Actually, does the L&D even need to be the one designing content?

There are two things we’ve noticed with the emergence of the online economy. One, anyone can create content for global audiences. Two, there are endless amounts of content publicly available on the internet. Wouldn’t it make sense to leverage these?

How about enabling rapid learning interventions by flipping the paradigm altogether? Since your employees are the best subject matter experts anyway, why not have them create learning content for each other? Or how about leveraging what’s already out there and replacing time-consuming design with learning content curation? There are a lot of tools out there to power up these types of approaches and further customise learning. Here’s an example for curating interactive microlearning videos.

Does your organisation face challenges in deploying rapid learning interventions and responding to business needs? We may be able to help. Just drop us a note here.

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Towards a Modern Learning Culture – Enabling Digital Transformation

Modern corporate learning culture

Towards a Modern Learning Culture – Enabling Digital Transformation

With the current pace of change in the business environment, learning has become a major factor determining organisational success. While businesses – and learning and development in particular – are going through digital transformation, learning culture has emerged as an organisational success factor. Organisations that are learning at the speed of change are much more likely to survive in the hyper competitive environment. Therefore, we wanted to share some of the cornerstone elements of great learning cultures. While adoption of new technologies into the flow of learning remains important, there’s limited success to be had without a modern, agile learning culture.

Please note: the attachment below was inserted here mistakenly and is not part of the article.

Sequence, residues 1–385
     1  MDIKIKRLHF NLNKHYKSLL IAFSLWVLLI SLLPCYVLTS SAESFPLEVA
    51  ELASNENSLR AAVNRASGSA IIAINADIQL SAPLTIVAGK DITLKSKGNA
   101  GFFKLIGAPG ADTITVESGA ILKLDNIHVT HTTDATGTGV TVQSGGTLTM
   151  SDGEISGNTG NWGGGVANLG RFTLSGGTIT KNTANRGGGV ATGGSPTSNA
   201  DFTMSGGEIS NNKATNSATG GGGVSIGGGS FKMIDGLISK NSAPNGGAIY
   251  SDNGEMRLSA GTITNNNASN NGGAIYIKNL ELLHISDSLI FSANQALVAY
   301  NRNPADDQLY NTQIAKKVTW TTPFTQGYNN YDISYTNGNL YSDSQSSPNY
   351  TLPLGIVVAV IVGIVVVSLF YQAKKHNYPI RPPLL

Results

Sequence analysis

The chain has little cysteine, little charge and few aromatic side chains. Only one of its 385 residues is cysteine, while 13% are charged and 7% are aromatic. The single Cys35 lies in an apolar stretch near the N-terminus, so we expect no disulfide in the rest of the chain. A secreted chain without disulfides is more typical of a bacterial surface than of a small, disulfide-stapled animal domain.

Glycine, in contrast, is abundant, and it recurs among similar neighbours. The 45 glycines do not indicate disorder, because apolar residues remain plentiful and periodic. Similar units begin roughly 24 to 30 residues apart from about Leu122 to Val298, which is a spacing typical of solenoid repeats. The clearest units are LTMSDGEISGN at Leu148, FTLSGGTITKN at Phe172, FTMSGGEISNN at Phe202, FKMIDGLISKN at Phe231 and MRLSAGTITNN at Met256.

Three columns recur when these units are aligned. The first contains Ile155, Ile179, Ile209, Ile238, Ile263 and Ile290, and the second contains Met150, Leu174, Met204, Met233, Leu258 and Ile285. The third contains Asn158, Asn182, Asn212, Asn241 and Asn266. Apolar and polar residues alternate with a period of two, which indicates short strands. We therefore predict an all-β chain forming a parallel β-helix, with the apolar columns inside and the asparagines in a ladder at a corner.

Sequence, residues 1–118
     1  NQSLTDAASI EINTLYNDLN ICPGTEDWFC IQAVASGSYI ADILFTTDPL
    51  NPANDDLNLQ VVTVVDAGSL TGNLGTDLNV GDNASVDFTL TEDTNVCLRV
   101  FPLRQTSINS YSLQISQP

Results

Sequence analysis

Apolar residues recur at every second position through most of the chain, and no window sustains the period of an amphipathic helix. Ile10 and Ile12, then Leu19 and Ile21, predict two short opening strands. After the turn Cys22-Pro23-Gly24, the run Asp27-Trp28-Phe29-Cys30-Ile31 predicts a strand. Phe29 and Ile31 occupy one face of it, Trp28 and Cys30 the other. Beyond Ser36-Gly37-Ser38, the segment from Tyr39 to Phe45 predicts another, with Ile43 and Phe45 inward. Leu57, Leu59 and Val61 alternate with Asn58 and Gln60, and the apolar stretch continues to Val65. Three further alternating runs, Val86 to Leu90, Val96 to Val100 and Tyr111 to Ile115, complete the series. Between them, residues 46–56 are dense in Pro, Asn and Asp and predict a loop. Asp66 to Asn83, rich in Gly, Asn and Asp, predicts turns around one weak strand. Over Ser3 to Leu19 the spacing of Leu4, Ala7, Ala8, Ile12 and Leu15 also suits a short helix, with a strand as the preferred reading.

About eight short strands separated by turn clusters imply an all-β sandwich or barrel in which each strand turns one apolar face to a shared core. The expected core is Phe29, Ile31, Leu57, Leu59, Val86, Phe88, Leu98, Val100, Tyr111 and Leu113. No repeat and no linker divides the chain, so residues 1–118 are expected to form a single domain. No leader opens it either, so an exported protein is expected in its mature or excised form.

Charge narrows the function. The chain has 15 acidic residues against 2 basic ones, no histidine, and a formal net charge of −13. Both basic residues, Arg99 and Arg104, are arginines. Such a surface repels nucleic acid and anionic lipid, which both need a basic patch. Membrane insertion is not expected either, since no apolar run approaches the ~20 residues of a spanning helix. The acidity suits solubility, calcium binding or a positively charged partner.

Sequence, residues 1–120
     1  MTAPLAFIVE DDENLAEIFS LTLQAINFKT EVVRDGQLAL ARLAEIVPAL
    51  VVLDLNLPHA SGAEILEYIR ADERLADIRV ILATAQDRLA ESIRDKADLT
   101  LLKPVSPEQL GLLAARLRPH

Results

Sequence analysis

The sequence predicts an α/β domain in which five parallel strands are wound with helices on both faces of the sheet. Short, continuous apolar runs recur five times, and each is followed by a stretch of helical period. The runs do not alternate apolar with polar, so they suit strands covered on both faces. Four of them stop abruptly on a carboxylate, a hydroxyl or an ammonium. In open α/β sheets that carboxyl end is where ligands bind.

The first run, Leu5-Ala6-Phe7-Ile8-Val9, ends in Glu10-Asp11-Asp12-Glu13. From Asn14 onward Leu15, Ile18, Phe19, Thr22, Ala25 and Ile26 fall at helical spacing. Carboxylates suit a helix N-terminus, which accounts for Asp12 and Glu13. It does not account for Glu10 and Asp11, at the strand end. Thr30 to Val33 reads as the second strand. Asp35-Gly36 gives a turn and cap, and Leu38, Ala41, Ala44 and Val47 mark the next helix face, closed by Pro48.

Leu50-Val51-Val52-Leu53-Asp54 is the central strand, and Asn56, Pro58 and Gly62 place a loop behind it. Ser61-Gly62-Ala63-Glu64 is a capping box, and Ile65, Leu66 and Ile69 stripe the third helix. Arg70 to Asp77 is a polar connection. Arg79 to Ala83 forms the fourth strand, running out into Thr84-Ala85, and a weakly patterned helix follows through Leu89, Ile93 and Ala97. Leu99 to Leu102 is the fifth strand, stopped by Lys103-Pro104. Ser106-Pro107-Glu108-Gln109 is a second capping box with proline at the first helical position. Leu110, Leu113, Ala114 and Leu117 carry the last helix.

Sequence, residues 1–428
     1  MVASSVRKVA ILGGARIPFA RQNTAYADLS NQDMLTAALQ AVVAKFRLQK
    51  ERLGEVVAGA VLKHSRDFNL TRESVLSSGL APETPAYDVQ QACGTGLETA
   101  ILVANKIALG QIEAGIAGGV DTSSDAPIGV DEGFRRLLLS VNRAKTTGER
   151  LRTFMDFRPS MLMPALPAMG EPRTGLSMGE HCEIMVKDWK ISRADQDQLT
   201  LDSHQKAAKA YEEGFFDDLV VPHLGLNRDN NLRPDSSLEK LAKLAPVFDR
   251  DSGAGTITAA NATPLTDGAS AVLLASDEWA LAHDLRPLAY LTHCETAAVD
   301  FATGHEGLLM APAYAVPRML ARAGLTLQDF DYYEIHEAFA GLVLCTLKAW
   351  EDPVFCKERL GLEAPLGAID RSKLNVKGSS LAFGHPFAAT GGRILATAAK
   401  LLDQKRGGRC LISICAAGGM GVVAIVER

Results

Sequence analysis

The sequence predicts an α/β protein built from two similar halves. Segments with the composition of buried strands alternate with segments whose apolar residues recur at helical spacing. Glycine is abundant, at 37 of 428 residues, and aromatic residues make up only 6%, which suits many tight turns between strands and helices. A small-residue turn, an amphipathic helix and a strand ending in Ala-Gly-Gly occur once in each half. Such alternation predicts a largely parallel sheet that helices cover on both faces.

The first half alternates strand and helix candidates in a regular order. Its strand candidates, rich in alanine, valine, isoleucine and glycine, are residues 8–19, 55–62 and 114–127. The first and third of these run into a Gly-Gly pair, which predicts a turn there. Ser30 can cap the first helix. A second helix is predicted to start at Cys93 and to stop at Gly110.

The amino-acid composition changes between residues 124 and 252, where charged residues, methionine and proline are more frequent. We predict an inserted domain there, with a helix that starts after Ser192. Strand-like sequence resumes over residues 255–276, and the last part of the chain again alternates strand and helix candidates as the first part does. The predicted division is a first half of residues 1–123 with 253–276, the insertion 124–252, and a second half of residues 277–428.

A great organisational learning culture needs the whole organisation

Great learning cultures don’t emerge without buy-in and commitment from all levels of the organisation. It starts from the leadership. Signing off on projects and writing checks for the L&D team is not enough. Rather, the leadership must become actively involved in the learning processes and champion change initiatives. Furthermore, it’s important to integrate learning into the workflow and day-to-day operations. This requires commitment from the line managers. Finally, you need the employees to actually take advantage of the learning opportunities you provide to them.

But how would you go about accomplishing this? Firstly, a data-driven approach to learning should help you to link learning to performance, communicate its importance and secure commitment for learning from your leaders. Secondly, learning analytics will also help you to communicate the behavioural impact on people to line managers. If you demonstrate that you can make operations more efficient through learning, you won’t have a hard time securing commitment. Finally, you can work to ensure learning uptake by your employees through collaborative approaches. Switch traditional top-down learning design methods to more learner-centric ones. A great learning culture should attempt to provide personalised learning opportunities to each employee.